Rediscovering forgotten flavours

With every festive season comes the joy of discovering new food and flavours. T.SARAVANAN and A.SHRIKUMAR peck into the traditional home-made and healthy ‘Diwali Palakarams’

October 27, 2016 04:42 pm | Updated December 02, 2016 12:02 pm IST - MADURAI:

HEALTHY ALTERNATIVES: Millet made sweets and savouries are becoming a trend this Diwali. Photo: Special Arrangement

HEALTHY ALTERNATIVES: Millet made sweets and savouries are becoming a trend this Diwali. Photo: Special Arrangement

Rewind a couple of decades back when Diwali was all about home-made ‘palakarams’. Remember how the vadais and laddus smelt? This was the time when colossal kadais were brought down carefully from lofty attics, cleaned and dried to fry vadais, steam paniyarams and roast murukkus. Grannies and mommies would sit together churning out sweets and savouries of a dozen kinds, the flavours of which filled our houses, the banter and laughter echoing all through the night before Diwali.

If the number of ‘traditional and healthy sweets and savouries’ flooding the festival market these days are any indication, then the good old days are definitely making a come back. Groups of dedicated young businessman are striving hard to bring back the forgotten flavours in a new package. They are setting a trend where more people are now looking back and moving towards the ‘organic’, ‘gluten-free’, ‘sugarless’ and ‘native’ varieties of sweets for Diwali.

Millet based sweets sweetened with palm and sugarcane jaggery are the rage now. Minor millets such as samai, varagarisi, thinai, kuthirai vali and kambu are made into innovative and tasty sweet items. Assorted varieties like thinai halwa, varagarisi jalebi, kambu sev, kambu seeval and pakoda, Kelvaragu murukku and ellu mixture packed in avant garde boxes are moving off shelves in organic shops.

A. Asaithambi, who owns an outlet Ko Iyarkai Angadi on the Alagar Koil Road, sells 13 different varieties of laddus made of horse gram, lentil and millets. He says, “Usage of low quality ingredients and sugar in sweets during Diwali takes a toll on health. People should be conscious of healthy festival eating and we are introducing the trend among people.” “When I started with these products, no one even came to do window shopping. People were least interested and found the tastes peculiar. But now, they are aware and lapping up millet made Diwali sweets”

The karupatti paniyaram he makes also sells like hot cakes. “It is made of Kaatu Yaanam rice. It is an organically grown traditional brown rice variety. Rich in fibre, the rice is good for diabetics and it also cures arthritis,” says Asaithambi, who is also a diploma holder in Siddha medicine. The paniyaram is made with nattu sakkarai (sugarcane jaggery). He also makes Kuthirai vali and Varagarisi halwas, besides Karuppatti Palkova. Palm jaggery halwa costs Rs.25 per 50 gm while the naatu sakkarai variety costs Rs.15 per 50 gm.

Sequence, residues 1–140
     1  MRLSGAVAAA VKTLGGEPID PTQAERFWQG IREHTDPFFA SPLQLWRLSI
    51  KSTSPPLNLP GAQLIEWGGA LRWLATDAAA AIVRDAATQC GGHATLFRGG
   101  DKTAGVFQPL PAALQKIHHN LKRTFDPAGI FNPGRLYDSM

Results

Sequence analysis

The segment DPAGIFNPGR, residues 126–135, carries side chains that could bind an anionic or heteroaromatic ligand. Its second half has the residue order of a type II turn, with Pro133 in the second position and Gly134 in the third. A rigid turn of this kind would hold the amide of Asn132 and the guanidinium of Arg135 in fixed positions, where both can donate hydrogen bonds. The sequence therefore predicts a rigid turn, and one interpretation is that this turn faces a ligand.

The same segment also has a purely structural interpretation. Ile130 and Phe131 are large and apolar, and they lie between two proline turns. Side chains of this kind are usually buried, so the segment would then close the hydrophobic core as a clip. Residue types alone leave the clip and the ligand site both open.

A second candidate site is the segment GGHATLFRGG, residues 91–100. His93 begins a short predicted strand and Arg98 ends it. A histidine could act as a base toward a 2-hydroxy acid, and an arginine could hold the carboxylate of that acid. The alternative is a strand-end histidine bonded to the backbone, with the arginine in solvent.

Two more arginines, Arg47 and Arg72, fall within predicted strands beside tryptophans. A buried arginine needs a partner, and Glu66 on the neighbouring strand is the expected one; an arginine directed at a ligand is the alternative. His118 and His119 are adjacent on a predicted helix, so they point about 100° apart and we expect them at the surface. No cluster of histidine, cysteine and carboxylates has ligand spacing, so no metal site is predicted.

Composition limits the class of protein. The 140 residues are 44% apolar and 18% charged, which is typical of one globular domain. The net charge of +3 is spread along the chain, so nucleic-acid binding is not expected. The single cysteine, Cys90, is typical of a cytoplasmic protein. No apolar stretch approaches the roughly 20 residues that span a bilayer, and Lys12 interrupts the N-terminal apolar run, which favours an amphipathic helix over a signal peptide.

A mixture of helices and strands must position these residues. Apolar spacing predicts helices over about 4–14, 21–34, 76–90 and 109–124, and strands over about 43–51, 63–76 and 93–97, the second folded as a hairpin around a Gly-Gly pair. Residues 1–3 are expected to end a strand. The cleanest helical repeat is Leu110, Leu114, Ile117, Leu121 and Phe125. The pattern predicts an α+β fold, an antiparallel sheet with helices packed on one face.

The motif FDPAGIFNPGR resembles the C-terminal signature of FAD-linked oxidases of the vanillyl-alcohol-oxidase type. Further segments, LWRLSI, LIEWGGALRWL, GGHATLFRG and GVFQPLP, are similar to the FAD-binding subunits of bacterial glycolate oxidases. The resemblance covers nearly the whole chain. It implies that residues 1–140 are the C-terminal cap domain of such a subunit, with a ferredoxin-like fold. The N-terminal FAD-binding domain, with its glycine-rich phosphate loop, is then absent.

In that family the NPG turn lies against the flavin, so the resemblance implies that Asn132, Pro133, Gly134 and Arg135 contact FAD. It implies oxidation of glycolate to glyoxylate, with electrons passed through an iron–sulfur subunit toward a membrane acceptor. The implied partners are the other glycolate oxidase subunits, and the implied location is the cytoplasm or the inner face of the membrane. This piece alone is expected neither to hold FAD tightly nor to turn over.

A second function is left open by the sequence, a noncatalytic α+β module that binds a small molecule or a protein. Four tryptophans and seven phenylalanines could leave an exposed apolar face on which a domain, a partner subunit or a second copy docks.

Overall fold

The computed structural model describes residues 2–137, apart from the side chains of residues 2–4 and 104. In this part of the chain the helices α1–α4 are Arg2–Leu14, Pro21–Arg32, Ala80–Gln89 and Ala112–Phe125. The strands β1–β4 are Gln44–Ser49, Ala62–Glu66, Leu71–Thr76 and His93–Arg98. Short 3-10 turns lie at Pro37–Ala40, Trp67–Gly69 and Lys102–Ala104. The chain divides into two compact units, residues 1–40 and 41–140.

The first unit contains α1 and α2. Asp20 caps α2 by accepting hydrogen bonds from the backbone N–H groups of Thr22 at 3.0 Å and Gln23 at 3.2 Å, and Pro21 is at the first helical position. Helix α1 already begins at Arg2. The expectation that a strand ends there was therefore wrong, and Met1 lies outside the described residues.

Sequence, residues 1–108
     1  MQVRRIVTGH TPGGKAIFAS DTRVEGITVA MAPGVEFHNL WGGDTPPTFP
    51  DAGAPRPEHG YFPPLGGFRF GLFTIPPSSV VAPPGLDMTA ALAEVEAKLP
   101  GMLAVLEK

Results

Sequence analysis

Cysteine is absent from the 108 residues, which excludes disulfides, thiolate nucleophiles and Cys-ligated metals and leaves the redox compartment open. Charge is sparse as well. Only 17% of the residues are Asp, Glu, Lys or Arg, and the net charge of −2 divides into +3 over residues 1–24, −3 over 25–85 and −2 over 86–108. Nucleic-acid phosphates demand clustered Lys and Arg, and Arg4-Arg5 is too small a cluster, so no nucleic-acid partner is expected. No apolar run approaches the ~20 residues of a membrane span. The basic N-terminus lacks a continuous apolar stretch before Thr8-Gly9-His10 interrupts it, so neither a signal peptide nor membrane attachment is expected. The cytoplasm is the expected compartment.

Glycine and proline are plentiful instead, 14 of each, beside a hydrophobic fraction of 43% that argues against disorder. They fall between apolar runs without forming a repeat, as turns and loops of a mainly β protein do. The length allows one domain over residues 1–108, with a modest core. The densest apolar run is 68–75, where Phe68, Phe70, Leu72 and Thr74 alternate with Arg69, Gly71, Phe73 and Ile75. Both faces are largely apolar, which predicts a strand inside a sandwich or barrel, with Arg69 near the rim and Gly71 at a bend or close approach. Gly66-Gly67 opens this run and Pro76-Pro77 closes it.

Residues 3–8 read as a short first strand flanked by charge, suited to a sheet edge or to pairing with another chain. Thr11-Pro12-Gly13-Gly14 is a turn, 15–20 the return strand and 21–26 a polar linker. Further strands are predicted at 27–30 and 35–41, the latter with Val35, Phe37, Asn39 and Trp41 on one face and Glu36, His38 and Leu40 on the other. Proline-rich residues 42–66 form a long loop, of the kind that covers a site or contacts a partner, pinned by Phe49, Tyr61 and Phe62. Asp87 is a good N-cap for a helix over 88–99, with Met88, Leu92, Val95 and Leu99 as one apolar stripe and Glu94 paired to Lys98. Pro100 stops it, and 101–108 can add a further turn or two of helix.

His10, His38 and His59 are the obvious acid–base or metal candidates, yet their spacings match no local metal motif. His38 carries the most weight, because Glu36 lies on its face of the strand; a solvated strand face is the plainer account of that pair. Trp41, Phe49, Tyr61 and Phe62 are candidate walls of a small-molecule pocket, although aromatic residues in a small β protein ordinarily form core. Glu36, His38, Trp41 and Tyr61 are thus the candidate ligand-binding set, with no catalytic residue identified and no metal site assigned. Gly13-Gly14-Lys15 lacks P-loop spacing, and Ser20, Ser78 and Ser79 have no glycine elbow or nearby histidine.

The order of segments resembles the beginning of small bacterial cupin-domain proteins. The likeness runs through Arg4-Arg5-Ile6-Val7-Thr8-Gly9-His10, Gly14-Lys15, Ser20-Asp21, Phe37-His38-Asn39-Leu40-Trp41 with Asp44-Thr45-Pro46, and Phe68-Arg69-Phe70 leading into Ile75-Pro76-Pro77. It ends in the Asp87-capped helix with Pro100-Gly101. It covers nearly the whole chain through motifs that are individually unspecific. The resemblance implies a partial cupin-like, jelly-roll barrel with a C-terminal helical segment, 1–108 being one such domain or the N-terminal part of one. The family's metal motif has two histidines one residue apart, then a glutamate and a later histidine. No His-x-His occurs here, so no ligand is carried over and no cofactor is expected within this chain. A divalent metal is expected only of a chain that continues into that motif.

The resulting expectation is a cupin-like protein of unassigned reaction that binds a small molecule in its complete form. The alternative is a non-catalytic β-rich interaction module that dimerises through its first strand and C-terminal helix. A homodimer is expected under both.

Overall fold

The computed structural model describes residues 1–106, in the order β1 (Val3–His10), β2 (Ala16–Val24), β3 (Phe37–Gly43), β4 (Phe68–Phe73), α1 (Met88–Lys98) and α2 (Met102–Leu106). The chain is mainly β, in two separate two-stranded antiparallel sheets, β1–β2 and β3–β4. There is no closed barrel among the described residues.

Karuppu Sami, an organic farmer supplies and sell over 15 varieties of innovatively made millet-based sweets and savouries. Packed under the brand name ‘Thaenkani’, the sweets are hand-made by women at home, using organic grains from Karuppu Sami’s fields. “Right from the grains, all the ingredients used are grown organically and not outsourced. We use pure palm jaggery for sweets and groundnut oil for namkeens,” he says. “Grains like the mappillai samba paddy, groundnut, til and all millets are used even in mixtures, murukkus, sevs and seevals.”

Kuthiravali sev, kambu seeval, ribbon pakoda made of varagu and mixture made of puffed rice and rice flakes are some of the best sellers. Rotis and cheedais made of thinai, jalebis made of jeeraga samba rice flour and mysore pak made of jaggery and coconut oil are the other highlights. “In sweets like halwa and athirasam, we even add thrikadukam, a natural spice that’s cures common cold in children. There are lots of challenges in the millet market as these items are perishable. We don’t add any preservatives and additives and hence the shelf life is short,” he adds. The sweets cost Rs. 400 or 450 per kilo and the namkeens come for Rs. 350 per kg.

Sivakumar of Virudhunagar specialises in kambu cookies which are free of baking powder and dalda. “The millet cookies are handmade and hence lack the finesse and smoothness, yet they are free of chemical additives. Other products we have introduced this Diwali are flax seed chikkis, millet mixtures and ragi laddus,” he says.

Perumal of Rajapalayam is known for the thinai Halwa made with eight kinds of grains. “The flour is a mixture of native rice varieties like kavuni, karuppu kavuni and samba. It’s a hit among customers and a healthy alternative to the other halwas that are full of bad calories from sugar and palm oil,” he says.

Modern day sweet outlets are also experimenting to cash in on the trend of healthy sweets. Arulsujanesh of Annapoorna Mithai on Bypass Road, Madurai, says, “Every Diwali, there’s a demand for innovative sweets and this time around, more people are consciously avoiding calorie-laden items. We have introduced whole-fruit and sugar-free mithais exclusively to cater to such discerning customers.” Among those are Fig and dates burfi and dry fruit rolls that are entirely made of just nuts and dry fruits. Milk green khus khus is a sweet with an inner core of gulkhand, rolled in a layer of milk khova and coated with khus khus. “Milk, gulkhand (made of rose petals) and khus khus are all natural ingredients and no extra sugar is added,” says Arulsujanesh.

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